RAND conducts a broad array of national security research for the U.S. Department of Defense and allied ministries of defense. RAND's three U.S. federally funded research and development centers (FFRDCs) explore topics from acquisition and technology to personnel and readiness.
Quality of prescribing for older vets -- measured by high-risk medications and drug--disease interactions -- varies across VA facilities. Prescribing is better at facilities that care for a larger number of older veterans and have formal geriatric education.
Useful recommendations for US engagement in and support for COIN operations.
When it comes to cyber security, the world today is not the future that U.S. policy promised when cyber security first appeared on the national agenda well over a decade ago.
Efforts to maintain and/or increase OEF/OIF veteran participation in VA MH/SUD services should be informed by their characteristics, such as younger age and better physical health relative to other veterans.
Unmanned aerial systems have enormous potential, but the MoD lacks an overarching UAS vision.
This study examines the association between interpersonal attachment styles and sleep in a high-risk cohort of military veterans with PTSD symptoms.
Collaborative care models for depression designed and implemented by VA primary care practices using evidence based quality improvement increased patients' use of antidepressants.
This article defines and explores the concept of cyber security culture within the context of the U.S. Army.
This article examines ISAF (International Security Assistance Force) operations in Afghanistan as a way to get at the strategic disconnects in ends, ways, and means.
About one-third of veterans report using alcohol, street drugs, or medication prescribed for others to manage pain.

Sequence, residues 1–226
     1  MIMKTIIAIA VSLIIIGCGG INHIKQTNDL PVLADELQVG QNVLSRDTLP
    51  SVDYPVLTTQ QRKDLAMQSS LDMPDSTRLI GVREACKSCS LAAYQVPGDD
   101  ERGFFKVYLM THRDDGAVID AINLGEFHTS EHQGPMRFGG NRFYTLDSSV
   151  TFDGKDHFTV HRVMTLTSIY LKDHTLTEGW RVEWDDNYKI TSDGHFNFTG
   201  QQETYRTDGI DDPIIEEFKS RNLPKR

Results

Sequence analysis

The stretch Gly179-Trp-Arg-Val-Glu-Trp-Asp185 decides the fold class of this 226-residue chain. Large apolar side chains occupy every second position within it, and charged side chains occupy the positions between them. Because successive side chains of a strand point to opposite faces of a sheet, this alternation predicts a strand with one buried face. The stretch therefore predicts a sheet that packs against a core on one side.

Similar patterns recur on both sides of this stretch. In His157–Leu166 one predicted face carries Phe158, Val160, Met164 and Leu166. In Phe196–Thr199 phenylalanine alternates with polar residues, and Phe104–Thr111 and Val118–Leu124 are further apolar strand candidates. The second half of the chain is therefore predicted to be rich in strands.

This study conducted in the VA mental health system identified consensus areas, validated instruments, and assessment strategies that can be used for monitoring outcomes and improving quality of care for schizophrenia in routine practice.
Longitudinal studies examining care for seriously ill patients are needed to understand patients' experience of illness, evaluate interventions, and improve quality of care. Unfortunately, such studies face substantial methodological challenges. This article describes such challenges and the strategies used to overcome them in a successfully implemented palliative care intervention trial for veterans.
Good COIN practices tend to "run in packs" and the balance of selected good and bad practices predicts insurgency outcomes. Data confirm the importance of popular support, but show that the ability to interdict tangible support (such as new personnel, materiel, and financing) is the single best predictor of COIN force success.
This paper presents the methodology used to develop a comprehensive set of performance indicators in a national evaluation of the mental healthcare delivered by the Veterans Health Administration.
Discusses the demonstrated efficacy of the COIN principles embodied in FM 3-24, historical evicence and data collected from 30 case studies for recent resolved insurgencies. The vast majority of governments and COIN forces that adhered to multiple tenets of the field manual prevailed over the insurgencies they opposed.
This article reviews the research literature on group-level phenomena that are most relevant to the work of intelligence analysts.
This study simulated the social costs and savings of providing universal access to care for depression and PTSD to troops returning from Operations Enduring Freedom and Iraqi Freedom.
A table-top game is described where students play the role of a terrorist group seeking to attack an urban subway and then act as security planners charged with protecting it.
The 15 % of veterans with mental health illness accounted for about one-third of total VA costs, mostly for non-mental health conditions. VA quality of care was generally better than care in private plans, but quality varied across VA regions.
Caregivers affiliated with the National Guard and those with more months of deployment report significantly poorer emotional well-being, and more household and relationship hassles.